Large importers such as India are expected to face a severe shortage of edible oil, which will result in higher prices for consumers.
Prices of other edible oils have risen by at least 3% in top producing markets after the Ukraine-Russia. Palm oil, one of the most widely used oils in the world, has seen an increase of 7%, while soybean oil is up 3%.
- Without fertilizers, winter crops in conflict zones could see yield reductions of over 30%.
- The conflict will significantly affect the crops that need harvesting or planting now. And these impacts could affect global food security unless the crisis is resolved soon.
- Russian forces currently occupy at least half of all sunflower seeds produced in Ukraine, and those regions historically provide 16% of global seed exports. This represents a significant drop in seed supply, affecting the global market.
- Ukraine is the world's largest exporter of maize, but over 40% of its production is centered on regions that are currently under Russian forces, which means the farmers will miss the planting season. Production from these regions historically represents 6% of global exports.
- The rise in energy prices will result in a rise in freight costs, which will add to the cost of food grains. The volatility of energy prices will impact the production of ethanol and bio-diesel, which in turn will affect crop prices.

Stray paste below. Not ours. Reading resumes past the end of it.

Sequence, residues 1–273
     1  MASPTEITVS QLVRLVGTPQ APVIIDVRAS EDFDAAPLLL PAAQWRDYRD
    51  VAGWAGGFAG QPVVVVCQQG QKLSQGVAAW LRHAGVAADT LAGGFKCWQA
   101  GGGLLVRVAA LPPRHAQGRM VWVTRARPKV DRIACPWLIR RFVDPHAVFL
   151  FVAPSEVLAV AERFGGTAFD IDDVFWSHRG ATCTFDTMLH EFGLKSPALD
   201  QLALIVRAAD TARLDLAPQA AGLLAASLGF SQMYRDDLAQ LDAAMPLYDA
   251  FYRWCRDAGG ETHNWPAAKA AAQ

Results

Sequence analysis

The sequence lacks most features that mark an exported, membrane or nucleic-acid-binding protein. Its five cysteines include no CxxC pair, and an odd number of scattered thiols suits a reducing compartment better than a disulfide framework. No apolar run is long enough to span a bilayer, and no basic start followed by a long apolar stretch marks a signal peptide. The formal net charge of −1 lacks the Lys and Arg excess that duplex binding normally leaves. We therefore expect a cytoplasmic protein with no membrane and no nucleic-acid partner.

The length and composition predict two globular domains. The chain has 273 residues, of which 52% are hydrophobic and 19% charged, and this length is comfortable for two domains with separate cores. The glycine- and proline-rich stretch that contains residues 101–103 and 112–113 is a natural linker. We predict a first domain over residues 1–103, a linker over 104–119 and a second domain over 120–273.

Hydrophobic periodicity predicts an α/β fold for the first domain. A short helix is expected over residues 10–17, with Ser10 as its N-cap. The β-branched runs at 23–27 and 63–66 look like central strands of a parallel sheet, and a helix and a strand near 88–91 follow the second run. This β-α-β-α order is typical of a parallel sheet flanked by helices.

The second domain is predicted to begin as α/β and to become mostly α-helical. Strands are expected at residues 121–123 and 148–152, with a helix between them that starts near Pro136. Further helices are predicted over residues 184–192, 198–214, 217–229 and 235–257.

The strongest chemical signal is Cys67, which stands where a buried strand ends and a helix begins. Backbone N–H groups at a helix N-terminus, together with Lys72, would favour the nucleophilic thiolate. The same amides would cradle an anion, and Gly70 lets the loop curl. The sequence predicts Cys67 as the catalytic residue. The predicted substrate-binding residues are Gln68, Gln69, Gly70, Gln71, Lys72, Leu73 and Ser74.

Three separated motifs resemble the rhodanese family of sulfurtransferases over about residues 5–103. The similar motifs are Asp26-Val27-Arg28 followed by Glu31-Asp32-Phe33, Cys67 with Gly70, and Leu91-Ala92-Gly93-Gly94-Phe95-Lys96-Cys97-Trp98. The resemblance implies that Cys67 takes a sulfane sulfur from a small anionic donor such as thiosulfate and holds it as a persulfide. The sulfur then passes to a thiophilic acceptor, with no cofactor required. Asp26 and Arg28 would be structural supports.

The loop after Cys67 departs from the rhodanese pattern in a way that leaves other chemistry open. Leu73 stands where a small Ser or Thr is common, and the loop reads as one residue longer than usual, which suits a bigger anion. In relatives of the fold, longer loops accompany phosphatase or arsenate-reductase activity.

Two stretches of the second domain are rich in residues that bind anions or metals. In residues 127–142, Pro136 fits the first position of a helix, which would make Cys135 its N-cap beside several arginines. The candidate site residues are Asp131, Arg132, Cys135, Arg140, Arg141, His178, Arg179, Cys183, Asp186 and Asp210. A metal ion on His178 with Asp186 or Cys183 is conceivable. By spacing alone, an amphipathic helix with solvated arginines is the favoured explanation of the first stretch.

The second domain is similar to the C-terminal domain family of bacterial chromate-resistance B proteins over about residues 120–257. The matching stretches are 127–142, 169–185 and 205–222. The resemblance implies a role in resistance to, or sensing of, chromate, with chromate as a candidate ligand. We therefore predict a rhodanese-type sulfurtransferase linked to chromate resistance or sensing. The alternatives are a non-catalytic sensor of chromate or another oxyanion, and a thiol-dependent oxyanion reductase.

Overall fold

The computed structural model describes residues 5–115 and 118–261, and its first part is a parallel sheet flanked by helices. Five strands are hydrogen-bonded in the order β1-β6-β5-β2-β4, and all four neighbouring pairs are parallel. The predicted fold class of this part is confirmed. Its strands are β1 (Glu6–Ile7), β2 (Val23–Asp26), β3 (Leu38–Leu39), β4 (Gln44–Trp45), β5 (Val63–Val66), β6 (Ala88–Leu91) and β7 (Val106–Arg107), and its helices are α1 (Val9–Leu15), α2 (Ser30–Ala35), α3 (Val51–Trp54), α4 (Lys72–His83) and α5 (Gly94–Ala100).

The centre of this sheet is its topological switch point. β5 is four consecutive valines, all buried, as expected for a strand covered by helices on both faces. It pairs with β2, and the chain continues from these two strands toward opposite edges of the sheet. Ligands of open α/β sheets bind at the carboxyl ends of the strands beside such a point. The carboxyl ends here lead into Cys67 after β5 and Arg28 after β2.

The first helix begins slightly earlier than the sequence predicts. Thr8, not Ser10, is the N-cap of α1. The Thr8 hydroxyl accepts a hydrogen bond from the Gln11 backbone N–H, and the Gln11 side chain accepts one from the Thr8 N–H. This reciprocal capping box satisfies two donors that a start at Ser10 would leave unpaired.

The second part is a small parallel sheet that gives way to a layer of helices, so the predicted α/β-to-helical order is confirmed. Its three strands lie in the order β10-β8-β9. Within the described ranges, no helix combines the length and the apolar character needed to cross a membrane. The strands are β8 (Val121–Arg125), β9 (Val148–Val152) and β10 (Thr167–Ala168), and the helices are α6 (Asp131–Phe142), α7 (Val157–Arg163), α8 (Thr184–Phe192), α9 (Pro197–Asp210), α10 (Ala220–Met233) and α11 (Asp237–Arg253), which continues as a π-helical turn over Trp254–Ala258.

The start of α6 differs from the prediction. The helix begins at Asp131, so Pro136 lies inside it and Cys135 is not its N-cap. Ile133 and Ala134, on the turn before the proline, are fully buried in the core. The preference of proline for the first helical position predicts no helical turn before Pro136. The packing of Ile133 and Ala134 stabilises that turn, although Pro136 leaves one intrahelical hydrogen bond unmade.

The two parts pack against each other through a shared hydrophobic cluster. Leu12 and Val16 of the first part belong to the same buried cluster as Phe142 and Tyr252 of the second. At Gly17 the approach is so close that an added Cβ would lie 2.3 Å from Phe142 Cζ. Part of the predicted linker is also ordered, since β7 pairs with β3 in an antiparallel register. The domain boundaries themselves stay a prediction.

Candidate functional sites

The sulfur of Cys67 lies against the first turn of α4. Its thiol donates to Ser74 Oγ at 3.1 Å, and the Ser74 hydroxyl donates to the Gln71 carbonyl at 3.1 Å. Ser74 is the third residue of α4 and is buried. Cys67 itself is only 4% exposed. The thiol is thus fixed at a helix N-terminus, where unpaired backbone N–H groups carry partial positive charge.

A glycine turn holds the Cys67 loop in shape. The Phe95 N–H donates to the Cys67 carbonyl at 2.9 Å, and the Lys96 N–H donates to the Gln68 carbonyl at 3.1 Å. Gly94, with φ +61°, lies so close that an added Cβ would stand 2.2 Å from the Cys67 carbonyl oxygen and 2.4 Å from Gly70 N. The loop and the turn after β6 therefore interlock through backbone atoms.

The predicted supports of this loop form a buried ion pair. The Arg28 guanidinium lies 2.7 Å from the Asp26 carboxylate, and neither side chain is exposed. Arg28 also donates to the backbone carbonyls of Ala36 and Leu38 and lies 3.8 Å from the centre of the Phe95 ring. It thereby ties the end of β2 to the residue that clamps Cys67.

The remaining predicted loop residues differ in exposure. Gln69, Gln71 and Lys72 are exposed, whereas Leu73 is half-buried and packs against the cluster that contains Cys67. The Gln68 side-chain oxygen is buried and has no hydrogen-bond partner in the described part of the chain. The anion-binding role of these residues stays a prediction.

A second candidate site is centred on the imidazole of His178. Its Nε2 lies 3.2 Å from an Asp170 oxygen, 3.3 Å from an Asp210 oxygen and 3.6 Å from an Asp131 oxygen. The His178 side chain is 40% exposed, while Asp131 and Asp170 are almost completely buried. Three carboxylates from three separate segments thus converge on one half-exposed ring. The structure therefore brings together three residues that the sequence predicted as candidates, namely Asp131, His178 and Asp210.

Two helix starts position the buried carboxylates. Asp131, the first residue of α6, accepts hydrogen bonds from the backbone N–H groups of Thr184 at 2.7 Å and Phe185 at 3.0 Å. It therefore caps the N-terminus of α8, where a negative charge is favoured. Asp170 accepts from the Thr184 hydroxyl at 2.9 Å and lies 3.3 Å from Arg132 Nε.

Recommended Actions for Procurement to Mitigate Supply Chain Risks
The conflict between Russia and Ukraine is sending ripple effects across the supply chains. Amidst the disruptions, higher line-haul trucking rates and rising fuel prices is a lurking opportunity to improve the supply chain.
The most important thing here is supply chain resiliency and flexibility. While companies can predict some of the outcomes, others are murkier, especially for companies without adequate visibility.
Hence, it's crucial to stay up-to-date on the latest news from these countries and commodity price developments, even if you don't do business with them or rely on their products.
In a world where supply chains are getting more and more digitized, in these unprecedented times, it seems that these disruptions are better dealt with now than ever before. This is all because so much information is available at your fingertips.
If you can see everything happening in your supply chain, then you can manage it better; and if you can identify which parts of your supply chain are most important to your business (i.e., mapping risk), then you'll be able to make more informed decisions about how to improve your operations going forward.
Here's what procurement teams can do to mitigate such supply chain risks: